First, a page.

Privacy Breach Leaves Identities of Student Loan Recipients Exposed

By: Justin Leung on January 12, 2013

Canadians who applied for student loans between 2000 and 2006 should contact Service Canada and their credit card providers.  The government recently reported to the RCMP that an unencrypted external hard drive containing personal information of student loan applicants has been lost, and the police worry cases of identity theft could swell in the coming months.

Canada’s Human Resources and Skills Development department says the hard drive contains personal information of 583,000 student loan borrowers.  This lost information includes names, social insurance numbers, addresses, and the balances of the loans.  While the government has been criticized for its lack of transparency regarding the data theft, student organizations believe the number of names on the hard drive is proof that too many students amass heavy debts to attend school.

An employee at the Human Resources Department noticed the missing hard drive on November 5 last year, but the department’s security officer wasn’t informed until November 28.  The department was unable to confirm the information stored on the hard drive until December 6, and waited yet another month to refer the case to the RCMP as well as inform the public of the lost information.  A spokesperson for Human Resources Minister Diane Finley says the wait was due to the extensive process of the internal investigation, as well as the holiday season.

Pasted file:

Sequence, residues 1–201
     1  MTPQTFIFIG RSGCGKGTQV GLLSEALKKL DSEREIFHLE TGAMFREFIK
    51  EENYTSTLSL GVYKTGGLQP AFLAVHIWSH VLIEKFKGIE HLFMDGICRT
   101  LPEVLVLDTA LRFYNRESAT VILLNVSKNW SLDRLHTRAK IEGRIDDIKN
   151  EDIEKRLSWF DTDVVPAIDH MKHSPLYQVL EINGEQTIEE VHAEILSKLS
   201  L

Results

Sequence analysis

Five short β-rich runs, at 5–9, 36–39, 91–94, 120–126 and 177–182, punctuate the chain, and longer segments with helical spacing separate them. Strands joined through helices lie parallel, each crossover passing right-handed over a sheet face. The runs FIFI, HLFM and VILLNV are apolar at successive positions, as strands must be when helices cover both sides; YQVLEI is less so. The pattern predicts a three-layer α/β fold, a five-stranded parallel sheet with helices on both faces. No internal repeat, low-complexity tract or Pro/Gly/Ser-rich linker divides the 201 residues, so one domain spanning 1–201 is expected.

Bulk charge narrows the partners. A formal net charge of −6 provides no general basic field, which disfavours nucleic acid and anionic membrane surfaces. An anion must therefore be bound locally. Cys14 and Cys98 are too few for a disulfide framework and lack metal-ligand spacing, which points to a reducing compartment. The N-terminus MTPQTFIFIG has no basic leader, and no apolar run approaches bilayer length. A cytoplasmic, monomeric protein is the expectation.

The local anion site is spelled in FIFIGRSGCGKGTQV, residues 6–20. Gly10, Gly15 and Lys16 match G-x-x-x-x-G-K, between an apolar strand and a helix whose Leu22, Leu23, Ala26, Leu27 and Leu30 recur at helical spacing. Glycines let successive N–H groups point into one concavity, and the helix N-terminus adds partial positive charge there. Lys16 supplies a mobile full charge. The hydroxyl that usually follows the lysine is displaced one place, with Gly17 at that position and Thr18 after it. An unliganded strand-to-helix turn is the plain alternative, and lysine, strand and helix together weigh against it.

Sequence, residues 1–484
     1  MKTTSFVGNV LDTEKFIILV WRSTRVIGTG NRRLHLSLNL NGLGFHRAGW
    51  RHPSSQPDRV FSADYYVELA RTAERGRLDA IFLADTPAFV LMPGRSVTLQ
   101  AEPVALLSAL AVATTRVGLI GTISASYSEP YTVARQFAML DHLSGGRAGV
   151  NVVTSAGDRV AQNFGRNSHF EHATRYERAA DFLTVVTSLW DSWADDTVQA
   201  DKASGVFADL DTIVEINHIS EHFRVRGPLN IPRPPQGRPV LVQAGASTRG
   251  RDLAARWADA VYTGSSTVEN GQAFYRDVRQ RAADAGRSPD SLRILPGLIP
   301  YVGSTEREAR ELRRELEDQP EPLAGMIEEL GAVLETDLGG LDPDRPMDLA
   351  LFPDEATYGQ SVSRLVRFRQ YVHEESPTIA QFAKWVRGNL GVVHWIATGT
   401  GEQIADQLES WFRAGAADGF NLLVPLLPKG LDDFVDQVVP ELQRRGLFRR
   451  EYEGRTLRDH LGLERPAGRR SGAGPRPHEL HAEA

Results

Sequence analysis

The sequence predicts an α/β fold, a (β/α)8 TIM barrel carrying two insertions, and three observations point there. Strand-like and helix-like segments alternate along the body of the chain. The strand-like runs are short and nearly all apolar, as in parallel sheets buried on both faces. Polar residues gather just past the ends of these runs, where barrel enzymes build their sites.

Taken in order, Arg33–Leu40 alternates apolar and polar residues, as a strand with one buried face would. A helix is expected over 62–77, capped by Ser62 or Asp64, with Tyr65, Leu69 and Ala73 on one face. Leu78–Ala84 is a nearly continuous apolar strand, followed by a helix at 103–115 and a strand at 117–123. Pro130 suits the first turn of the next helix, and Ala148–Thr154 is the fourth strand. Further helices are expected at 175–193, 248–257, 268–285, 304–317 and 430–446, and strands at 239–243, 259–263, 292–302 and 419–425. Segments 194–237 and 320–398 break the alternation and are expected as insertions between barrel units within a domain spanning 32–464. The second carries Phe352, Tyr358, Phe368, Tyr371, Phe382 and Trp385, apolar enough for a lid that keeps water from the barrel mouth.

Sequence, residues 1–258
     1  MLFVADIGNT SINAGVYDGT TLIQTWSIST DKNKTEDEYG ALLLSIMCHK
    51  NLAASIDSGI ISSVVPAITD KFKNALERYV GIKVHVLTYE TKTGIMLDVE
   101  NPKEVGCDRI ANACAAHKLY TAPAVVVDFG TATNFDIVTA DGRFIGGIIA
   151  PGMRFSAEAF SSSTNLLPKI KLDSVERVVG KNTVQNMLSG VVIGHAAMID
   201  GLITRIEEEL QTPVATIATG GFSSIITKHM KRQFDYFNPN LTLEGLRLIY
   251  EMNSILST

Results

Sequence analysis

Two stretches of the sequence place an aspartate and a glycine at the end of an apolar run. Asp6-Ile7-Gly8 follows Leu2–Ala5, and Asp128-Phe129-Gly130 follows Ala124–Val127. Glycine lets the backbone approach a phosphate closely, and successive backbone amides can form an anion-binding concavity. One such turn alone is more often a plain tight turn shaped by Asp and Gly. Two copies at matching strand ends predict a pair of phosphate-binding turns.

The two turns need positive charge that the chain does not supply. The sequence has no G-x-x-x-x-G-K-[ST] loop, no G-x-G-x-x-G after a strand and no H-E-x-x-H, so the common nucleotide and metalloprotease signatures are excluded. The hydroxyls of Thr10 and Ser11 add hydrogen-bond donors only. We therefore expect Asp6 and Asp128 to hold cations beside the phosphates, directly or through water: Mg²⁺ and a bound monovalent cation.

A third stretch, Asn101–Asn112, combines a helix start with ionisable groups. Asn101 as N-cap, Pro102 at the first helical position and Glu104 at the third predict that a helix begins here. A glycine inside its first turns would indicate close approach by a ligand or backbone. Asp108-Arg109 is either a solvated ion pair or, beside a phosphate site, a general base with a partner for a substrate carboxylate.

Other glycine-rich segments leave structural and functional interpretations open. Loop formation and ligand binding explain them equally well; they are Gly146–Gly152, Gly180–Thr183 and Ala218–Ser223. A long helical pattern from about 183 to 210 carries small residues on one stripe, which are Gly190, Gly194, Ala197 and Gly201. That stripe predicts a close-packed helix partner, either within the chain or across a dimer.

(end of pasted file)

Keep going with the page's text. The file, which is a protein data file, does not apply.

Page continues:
However, the government has come under fire for withholding the information over the holidays.   The holidays are a chaotic spending season where illegitimate transactions are difficult to identify; it’s an opportune time for credit card scammers to defraud unsuspecting cardholders. 

The Canadian Federation of Students, which represents the interests of student unions across Canada, has reacted to the security breach in a different way.  Spokesperson Adam Awad says the delayed transparency was “frustrating,” but believes the breach reinforces the reality that many Canadians must compile student loan debt in order to acquire a post-secondary education.

It seems indicative of the enormity of the student loan system and how big it’s gotten over the last decade that hundreds of thousands of students rely on student loans to go to school.”

Canadians will certainly demand the government be held to account for this security breach.  However, the optimism from the Canadian Federation of Students suggests some good could come from the theft.